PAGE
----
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5 Reasons Why Zoom Meetings Are So Exhausting

By Mental Health

5 reasons why Zoom meetings are so exhausting Libby Sander, Bond University and Oliver Bauman, Bond University For many of us, working from home during COVID-19 has meant we are spending a lot of time on video meeting applications like Zoom. The effects of this have taken us by surprise. Having giant heads staring at us up close for long periods can be off-putting for a lot of us. Never mind that we feel we should fix our iso-hair (COVID mullet anyone?), put on makeup, or get out of our pajamas. So why are online meetings more tiring than face-to-face ones? People feel like they have to make more emotional effort to appear interested, and in the absence of many non-verbal cues, the intense focus on words and sustained eye contact is exhausting. Read more: Here is why you might be feeling tired while on lockdown Face-to-face meetings Meetings in person are not only about the exchange of knowledge, they are also important rituals in the office. Rituals provide comfort, put us at ease, and are essential in building and maintaining rapport. Face to face meetings are also important mechanisms for the communication of attitudes and feelings among business partners…

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Is Your Mental Health Deteriorating During The Coronavirus Pandemic? Here’s What To Look For.

By Mental Health, Therapy

Is your mental health deteriorating during the coronavirus pandemic? Here’s what to look out for Michaela Pascoe, Victoria University and Alexandra Parker, Victoria University Medicare-subsidised psychology and psychiatry sessions, as well as GP visits, can now take place via phone and video calls – if clinicians agree not to charge patients out-of-pocket costs for the consult. The changes are part of a A$1.1 billion coronavirus health funding package, announced yesterday, which includes A$74 million for mental health support services, including Kids Helpline, Beyond Blue and Perinatal Anxiety & Depression Australia. Read more: All Australians will be able to access telehealth under new $1.1 billion coronavirus program Before the pandemic, one in five Australians experienced mental ill-health every year. But the uncertainty and instability around coronavirus has the potential to exacerbate existing anxiety and depression and contribute to the onset of new mental health problems. So what are some of the signs your mental health might be declining during the pandemic? And what can you do about it? What are the signs of anxiety and depression? Mental illness results in physical changes as well changes in thinking, feelings and behaviours. Anxiety Common physical signs for anxiety include increased heartbeat or butterflies…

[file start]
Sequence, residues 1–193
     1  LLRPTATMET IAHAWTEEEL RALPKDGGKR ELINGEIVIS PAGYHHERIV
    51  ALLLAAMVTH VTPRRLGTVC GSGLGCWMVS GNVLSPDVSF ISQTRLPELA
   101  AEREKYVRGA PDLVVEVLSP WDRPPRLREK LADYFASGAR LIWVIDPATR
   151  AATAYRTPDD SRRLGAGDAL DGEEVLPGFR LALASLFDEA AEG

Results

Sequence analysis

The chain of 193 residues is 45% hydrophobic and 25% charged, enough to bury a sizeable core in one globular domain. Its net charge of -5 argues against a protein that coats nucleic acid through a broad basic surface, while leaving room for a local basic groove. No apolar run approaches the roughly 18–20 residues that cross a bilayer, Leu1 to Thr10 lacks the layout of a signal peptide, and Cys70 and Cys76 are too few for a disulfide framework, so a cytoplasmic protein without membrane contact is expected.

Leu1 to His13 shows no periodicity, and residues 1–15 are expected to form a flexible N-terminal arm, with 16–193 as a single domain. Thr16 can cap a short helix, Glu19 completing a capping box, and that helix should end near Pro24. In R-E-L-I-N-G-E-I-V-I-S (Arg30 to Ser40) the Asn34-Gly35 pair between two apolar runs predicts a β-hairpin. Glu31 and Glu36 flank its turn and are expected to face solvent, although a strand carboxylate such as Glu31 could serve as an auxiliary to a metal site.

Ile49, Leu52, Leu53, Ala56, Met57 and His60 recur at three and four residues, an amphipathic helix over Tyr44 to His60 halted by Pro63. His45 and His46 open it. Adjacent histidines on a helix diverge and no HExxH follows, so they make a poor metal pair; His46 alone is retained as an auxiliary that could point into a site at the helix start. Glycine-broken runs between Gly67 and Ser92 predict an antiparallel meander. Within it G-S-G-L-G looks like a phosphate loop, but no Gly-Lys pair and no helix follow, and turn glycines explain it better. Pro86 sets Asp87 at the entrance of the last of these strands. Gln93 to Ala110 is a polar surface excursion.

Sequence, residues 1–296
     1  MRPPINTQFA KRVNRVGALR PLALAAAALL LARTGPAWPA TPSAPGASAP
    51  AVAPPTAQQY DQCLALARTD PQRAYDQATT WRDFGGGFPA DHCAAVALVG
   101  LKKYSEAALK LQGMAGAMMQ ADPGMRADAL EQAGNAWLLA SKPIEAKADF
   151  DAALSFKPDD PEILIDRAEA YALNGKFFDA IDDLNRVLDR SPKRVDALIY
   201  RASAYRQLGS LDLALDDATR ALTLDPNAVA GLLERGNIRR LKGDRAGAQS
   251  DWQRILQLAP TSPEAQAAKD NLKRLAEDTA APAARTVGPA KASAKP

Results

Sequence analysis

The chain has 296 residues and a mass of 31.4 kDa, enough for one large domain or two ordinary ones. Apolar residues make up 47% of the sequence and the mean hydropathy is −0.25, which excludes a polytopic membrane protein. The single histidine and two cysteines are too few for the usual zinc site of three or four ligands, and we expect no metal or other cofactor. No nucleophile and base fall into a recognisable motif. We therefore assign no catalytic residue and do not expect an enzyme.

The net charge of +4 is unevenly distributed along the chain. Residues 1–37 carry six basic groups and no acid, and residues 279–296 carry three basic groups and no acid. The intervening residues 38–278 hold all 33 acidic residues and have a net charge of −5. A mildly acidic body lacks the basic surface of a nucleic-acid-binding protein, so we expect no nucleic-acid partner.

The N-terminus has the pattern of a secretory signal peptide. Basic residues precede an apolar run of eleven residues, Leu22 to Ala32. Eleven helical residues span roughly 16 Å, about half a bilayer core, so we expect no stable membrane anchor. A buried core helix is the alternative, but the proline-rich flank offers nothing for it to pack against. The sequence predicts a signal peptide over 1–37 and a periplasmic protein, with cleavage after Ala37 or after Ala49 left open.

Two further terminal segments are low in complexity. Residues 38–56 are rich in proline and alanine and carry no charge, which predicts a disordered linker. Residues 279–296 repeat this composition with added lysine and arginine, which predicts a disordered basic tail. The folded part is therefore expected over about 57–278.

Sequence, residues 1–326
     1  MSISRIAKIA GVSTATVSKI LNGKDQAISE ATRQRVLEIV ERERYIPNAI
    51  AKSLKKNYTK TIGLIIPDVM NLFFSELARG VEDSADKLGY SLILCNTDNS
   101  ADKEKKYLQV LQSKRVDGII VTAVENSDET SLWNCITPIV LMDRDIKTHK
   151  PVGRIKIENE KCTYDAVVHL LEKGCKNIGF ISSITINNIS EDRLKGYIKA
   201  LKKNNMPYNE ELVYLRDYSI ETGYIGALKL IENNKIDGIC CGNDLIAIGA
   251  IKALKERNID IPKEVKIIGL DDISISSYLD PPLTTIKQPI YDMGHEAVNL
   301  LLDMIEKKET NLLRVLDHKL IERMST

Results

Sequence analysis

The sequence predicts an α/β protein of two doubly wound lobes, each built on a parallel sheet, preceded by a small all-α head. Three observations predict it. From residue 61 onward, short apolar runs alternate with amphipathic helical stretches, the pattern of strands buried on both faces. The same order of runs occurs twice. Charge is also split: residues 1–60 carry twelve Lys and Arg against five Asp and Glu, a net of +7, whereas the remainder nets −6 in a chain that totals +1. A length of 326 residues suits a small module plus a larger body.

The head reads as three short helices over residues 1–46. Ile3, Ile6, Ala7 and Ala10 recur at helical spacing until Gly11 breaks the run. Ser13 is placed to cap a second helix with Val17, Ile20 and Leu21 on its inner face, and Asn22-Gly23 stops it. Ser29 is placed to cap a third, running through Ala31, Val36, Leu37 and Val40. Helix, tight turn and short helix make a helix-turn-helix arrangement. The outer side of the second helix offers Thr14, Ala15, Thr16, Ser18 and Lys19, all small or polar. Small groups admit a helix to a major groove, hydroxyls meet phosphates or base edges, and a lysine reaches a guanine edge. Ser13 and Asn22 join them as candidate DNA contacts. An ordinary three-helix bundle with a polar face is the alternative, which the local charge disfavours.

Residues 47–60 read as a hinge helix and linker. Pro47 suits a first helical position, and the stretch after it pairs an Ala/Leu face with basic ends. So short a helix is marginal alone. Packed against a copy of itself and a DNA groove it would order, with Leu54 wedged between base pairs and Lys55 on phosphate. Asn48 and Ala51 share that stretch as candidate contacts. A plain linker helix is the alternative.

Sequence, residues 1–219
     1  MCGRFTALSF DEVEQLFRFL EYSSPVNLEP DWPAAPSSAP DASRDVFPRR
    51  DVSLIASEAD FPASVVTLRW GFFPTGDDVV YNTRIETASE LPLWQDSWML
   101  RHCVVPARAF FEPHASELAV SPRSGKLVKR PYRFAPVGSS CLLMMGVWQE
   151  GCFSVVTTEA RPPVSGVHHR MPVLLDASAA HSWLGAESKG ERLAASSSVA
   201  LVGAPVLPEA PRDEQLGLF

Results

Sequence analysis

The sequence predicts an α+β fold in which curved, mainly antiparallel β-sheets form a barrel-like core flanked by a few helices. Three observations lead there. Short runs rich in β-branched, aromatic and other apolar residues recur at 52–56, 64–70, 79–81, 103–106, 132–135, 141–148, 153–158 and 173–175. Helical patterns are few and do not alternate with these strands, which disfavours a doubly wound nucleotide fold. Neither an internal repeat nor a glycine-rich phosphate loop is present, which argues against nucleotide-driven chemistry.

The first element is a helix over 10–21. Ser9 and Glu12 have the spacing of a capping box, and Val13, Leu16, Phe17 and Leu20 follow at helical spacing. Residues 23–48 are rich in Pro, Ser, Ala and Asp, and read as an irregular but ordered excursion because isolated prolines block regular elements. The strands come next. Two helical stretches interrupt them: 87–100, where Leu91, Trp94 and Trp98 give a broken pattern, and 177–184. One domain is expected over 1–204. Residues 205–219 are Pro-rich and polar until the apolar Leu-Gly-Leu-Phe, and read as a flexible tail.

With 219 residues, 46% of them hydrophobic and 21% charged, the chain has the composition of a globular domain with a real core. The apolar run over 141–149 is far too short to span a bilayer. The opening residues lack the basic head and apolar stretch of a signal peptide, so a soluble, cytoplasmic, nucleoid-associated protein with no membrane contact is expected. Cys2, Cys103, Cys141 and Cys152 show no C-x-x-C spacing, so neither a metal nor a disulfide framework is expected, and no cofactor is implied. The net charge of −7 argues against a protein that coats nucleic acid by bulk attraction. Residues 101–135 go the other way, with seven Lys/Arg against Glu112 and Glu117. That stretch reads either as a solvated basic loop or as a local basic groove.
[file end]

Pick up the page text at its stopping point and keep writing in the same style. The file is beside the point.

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No Wonder Isolation’s So Tiring. All Those Extra, Tiny Decisions Are Taxing Our Brains

By Anxiety, Emotional Release, Loss, Mental Health, Mindful Eating, Mindfulness, Therapy

No wonder isolation’s so tiring. All those extra, tiny decisions are taxing our brains Anxiety, depression, loneliness and stress are affecting our sleep patterns and how tired we feel. But we may be getting tired for another reason. All those tiny decisions we make every day are multiplying and taking their toll. Is it safe to nip out for milk? Should I download the COVIDSafe app? Is it OK to wear my pyjamas in a Zoom meeting? All of these kinds of decisions are in addition to the familiar, everyday ones. What shall I have for breakfast? What shall I wear? Do I hassle the kids to brush their teeth? So what’s going on? Read more: Here is why you might be feeling tired while on lockdown We’re increasing our cognitive load One way to think about these extra decisions we’re making in isolation is in terms of “cognitive load”. We are trying to think about too many things at once, and our brains can only cope with a finite amount of information. Researchers have been looking into our limited capacity for cognition or attention for decades. Early research described a “bottleneck” through which information passes. We are forced to…

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The Lifesaving Power of Gratitude

By Mental Health, Therapy